GREATEST CANAL RECORD.
Last year there passed through
the "Soo" Canal, connecting Lakes
Superior and Huron, 72,500,000
tons of freight In 20,000 cargoes.
This Is not only the greatest record
for the canal, but 'for any In the
world. The Suez Canal is by far fie
largest in length, cost and traffic of
any of those concerned in ocean-go
ing trade, but its traffic three years
ago was less than 16,000,000 tons
If it were possible to assure the
Panama Canal any such 'business as
that at the Soo its cost would be re
paid In a few years at the toll rates
which have been promulgated. Of
course, nothing of the sort Is expect
ed. The Soo Canal derives its Im
portance from the fact that It con
nects the great wheat fields, iron ore
beds and lumber districts of the
Northwest with the East by means
of the Great Lakes, and the return
cargoes of coal and merchandise are
heavy. The growth of this traffic in
recent years has been extraordinary,
and for 1912 the increase was al
most forty per cent, over 1911.
It is a humiliating fact that the
shipping of our Great Lakes is alone
of a size which conforms to the
wealth and dignity of this Nation.
Only about eight per cent, of our
foreign commerce is borne in
American bottoms, and it has been
decreasing steadily for many years.
No foreign ships may engage in the
coastwise trade, but the latter Is not
nearly so large as might be suppos
ed, owing to the cheapness of rail
way transportation. It was to give
this branch of our shipping a chance
to develop that Congress made In its
favor the Panama Canal toll exemp
tion which Great Britain opposes and
which wo are asked to arbitrate.
That American energy, construe
tlve ability and seamanship are ad
vanced to the best rank is shown
by the prosperity of the shipping
industry on the Great Lakes. It
could be advanced on all the seven
seas if Congress would provide leg
islation by which It would be possi
ble to meet the competition of ships
built at low prices and navigated at
a cost impossible by Americans.
TALK OX THE BOY
AND THE FARM.
President Taft talked to a delega
tion of Ohio boys who had partici
pated in a corn growing contest.
They were farm boys and he recom
mended to them that they stay upon
the farm and try tol utilize to the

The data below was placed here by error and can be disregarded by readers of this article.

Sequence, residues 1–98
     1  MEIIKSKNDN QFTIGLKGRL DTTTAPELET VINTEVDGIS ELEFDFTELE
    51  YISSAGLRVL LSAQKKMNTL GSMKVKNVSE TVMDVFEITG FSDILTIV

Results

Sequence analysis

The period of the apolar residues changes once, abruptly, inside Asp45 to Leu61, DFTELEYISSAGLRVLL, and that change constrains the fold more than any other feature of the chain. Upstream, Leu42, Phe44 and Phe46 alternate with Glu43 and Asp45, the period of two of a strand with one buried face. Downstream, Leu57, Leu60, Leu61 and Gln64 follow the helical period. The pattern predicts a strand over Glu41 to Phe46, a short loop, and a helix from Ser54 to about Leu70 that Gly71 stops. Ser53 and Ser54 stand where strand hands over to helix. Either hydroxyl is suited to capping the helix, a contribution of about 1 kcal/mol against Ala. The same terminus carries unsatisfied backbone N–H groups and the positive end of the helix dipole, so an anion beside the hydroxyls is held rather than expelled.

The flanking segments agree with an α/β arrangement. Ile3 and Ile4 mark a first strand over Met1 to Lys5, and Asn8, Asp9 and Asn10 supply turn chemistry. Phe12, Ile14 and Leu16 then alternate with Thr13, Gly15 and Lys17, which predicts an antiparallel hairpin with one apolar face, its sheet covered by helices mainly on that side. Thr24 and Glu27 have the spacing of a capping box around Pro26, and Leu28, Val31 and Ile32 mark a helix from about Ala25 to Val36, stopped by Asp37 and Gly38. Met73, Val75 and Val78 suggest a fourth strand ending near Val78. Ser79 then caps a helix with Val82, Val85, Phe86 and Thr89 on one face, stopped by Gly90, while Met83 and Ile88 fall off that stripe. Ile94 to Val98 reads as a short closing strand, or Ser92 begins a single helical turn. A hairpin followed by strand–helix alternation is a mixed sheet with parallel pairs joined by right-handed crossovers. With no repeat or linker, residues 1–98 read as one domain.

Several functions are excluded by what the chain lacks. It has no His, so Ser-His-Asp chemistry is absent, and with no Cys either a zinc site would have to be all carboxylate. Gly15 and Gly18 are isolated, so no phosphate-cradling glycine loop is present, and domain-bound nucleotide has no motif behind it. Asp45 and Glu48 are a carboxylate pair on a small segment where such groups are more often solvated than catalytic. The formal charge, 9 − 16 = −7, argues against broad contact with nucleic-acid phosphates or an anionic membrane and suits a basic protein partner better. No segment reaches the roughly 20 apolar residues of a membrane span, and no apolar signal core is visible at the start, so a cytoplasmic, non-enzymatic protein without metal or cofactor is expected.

fullest extent the opportunity It of
fers. The President Intimated that suc
cess upon tho farm leads to political
preferment and public honors as
surely as does the other road, and
he pointed out tho Importance of the
farmer In our scheme of life and the
satisfaction to be derived from a life
devoted to farming.
That is tho sort of advice which
Is needed. The "back to the ifarm"
movement Is good. What Is more
Important, however, Is a "stay on
tho farm movement." There would
be farmers enough If It were not for
the lure of the city that draws the
farm boys away from the soil.
Farm hoys should stay upon the
farm, where they will not only be
more successful themselves, but will
bo of greater aid to the nation.
These are the days of great re
wards to tho farmer who will learn
his business and follow modern sci
MAIL SAMPLES PLAN
HURT BY PARCEL POST
Zone Rules Increase Rates on Pack
ages in Many Letter Order
The parcel post may have one
result which may or may not havo
been foreseen hy tho makers of tho
bill; it will cut down in a large
measure the sending of samples
through the malls, Some mailers of
samples will have to stop sending
them altogether, while others will
have to cut down their size to avoid
losing too much money,
Tho average sample which has
heretofore been sent out was, as a
rule, as largo and heavy as the mak
er could afford to send. In hundreds
of different kinds of manufactures
these samples have weighed flvo or
six ounces, Including container, and
the sender has been able to mail
them for a cent an ounce.
Now however, under the parcel
post rate the rates for sending sam
ples of this size will vary, according
to distance, from 5 cents to 12
cents. Many dealers who went to
make the cost of sending packages
to the different zones the same -will
send a uniformly smaller package.
One instance is a sample package
of dates which the packer has been
Bending out for 10 cents. It costs 5
cents to mall, and tho packer puts 5
cents worth of dates in It, so the
only loss to him have to cut the
package down to two-thirds of Its
old size In order to send it under
the old rate, of 4 cents for four
Samples of coffee, cocoa, shaving
soaps and shaving cream will have
to be cut down to below four ounces
in order that tho sender won't have
to pay the pound rate.
For those whose samples have
weighed more than ten or twelve
ounces the parcel post will be a
great advantage, as they can still
send their samples to distant points
for 12 cents, which is the pound
rate, and can save money when they
send the same package to points in
zones nearer home.
The four great agricultural organ